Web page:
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Ecology of the ciguatera causing dinoflagellates from the Northern Great Barrier Reef: Changes in community distribution and coastal eutrophication

Overview of attention for article published in Marine Pollution Bulletin, December 2013
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Title
Ecology of the ciguatera causing dinoflagellates from the Northern Great Barrier Reef: Changes in community distribution and coastal eutrophication
Published in
Marine Pollution Bulletin, December 2013
DOI 10.1016/j.marpolbul.2013.10.003
Pubmed ID
Authors

Mark P. Skinner, Richard J. Lewis, Steve Morton

Abstract

Ciguatera fish poisoning (CFP) is known to be caused by the ciguatoxins from the dinoflagellate genus Gambierdiscus, however, there is the potential for other toxins such as okadaic acid and dinophysistoxins from the genus Prorocentrum, and palytoxin from the genus Ostreopsis, to contaminate seafood. These genera may also be indicators of ecosystem health and potentially impact on coral reef ecosystems and the role they may play in the succession of coral to macroalgae dominated reefs has not been researched. Sixteen GBR field sites spanning inshore, mid-lagoon and outer lagoon (offshore) regions were studied. Samples were collected from September 2006 to December 2007 and abundance of benthic dinoflagellates on different host macroalgae and concentration of nutrients present in the water column were determined. The maximum abundance of Prorocentrum, Ostreopsis and Gambierdiscus found was 112, 793 and 50 cells per gram wet weight of host macroalgae, respectively. The average level of Dissolved Inorganic Nitrogen (DIN) in the water column across all sites (0.03 mg/L) was found to be more than double the threshold critical value (0.013 mg/L) for healthy coral reefs. Compared to a previous study 1984, there is evidence of a major shift in the distribution and abundance of these dinoflagellates. Inshore reefs have either of Prorocentrum (as at Green Island) or Ostreopsis (as at Magnetic Island) dominating the macroalgal surface niche which was once dominated by Gambierdiscus, whilst at offshore regions Gambierdiscus is still dominant. This succession may be linked to the ongoing eutrophication of the GBR lagoon and have consequences for the sources of toxins for ongoing cases of ciguatera.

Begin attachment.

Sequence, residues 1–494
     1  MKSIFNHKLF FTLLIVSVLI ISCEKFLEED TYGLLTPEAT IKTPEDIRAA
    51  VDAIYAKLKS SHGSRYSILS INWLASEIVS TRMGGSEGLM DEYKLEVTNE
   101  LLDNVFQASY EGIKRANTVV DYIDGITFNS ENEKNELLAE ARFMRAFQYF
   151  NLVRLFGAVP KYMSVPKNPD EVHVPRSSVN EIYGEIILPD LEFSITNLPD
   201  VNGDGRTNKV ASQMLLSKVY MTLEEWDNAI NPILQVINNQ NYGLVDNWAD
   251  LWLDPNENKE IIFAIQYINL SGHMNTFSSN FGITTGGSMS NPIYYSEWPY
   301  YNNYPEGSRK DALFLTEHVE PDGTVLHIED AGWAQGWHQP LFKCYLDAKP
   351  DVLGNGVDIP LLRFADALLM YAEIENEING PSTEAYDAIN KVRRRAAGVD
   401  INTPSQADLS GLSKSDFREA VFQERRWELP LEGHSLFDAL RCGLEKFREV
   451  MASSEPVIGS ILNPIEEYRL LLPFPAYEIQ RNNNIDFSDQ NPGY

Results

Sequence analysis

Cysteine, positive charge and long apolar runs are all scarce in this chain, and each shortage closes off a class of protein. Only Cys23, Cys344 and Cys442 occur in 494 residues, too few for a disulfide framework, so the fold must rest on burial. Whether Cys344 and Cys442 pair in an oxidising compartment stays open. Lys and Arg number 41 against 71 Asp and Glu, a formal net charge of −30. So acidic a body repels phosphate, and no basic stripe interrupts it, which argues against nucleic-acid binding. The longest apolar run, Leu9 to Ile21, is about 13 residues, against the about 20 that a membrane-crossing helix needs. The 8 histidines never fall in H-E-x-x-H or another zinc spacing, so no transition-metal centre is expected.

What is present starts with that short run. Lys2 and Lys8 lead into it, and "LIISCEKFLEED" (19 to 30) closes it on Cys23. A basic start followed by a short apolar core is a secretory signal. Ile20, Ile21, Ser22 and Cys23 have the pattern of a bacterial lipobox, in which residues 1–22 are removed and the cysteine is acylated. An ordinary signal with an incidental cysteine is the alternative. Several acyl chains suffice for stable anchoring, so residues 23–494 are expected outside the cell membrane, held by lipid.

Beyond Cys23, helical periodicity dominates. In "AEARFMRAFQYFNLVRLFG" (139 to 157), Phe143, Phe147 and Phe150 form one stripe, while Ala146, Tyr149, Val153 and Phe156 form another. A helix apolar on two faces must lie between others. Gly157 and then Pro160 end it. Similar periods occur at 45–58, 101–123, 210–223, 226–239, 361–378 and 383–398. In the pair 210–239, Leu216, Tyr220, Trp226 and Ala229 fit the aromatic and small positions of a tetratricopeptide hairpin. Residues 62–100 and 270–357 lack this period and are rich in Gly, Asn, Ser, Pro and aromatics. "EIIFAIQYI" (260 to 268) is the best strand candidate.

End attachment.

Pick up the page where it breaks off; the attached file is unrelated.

Mendeley readers

The data shown below were compiled from readership statistics for 42 Mendeley readers of this research output. Click here to see the associated Mendeley record.

Geographical breakdown

Country Count As %
French Polynesia 1 2%
Mexico 1 2%
United States 1 2%
Unknown 39 93%

Demographic breakdown

Readers by professional status Count As %
Researcher 12 29%
Student > Ph. D. Student 8 19%
Unspecified 5 12%
Student > Master 5 12%
Student > Doctoral Student 4 10%
Other 8 19%
Readers by discipline Count As %
Agricultural and Biological Sciences 25 60%
Environmental Science 7 17%
Unspecified 5 12%
Linguistics 1 2%
Biochemistry, Genetics and Molecular Biology 1 2%
Other 3 7%

Attention Score in Context

This research output has an Altmetric Attention Score of 1. This is our high-level measure of the quality and quantity of online attention that it has received. This Attention Score, as well as the ranking and number of research outputs shown below, was calculated when the research output was last mentioned on 14 December 2013.
All research outputs
#10,694,914
of 12,060,716 outputs
Outputs from Marine Pollution Bulletin
#2,875
of 4,055 outputs
Outputs of similar age
#166,271
of 200,705 outputs
Outputs of similar age from Marine Pollution Bulletin
#31
of 33 outputs
Altmetric has tracked 12,060,716 research outputs across all sources so far. This one is in the 1st percentile – i.e., 1% of other outputs scored the same or lower than it.
So far Altmetric has tracked 4,055 research outputs from this source. They typically receive a little more attention than average, with a mean Attention Score of 5.8. This one is in the 1st percentile – i.e., 1% of its peers scored the same or lower than it.
Older research outputs will score higher simply because they've had more time to accumulate mentions. To account for age we can compare this Altmetric Attention Score to the 200,705 tracked outputs that were published within six weeks on either side of this one in any source. This one is in the 1st percentile – i.e., 1% of its contemporaries scored the same or lower than it.
We're also able to compare this research output to 33 others from the same source and published within six weeks on either side of this one. This one is in the 1st percentile – i.e., 1% of its contemporaries scored the same or lower than it.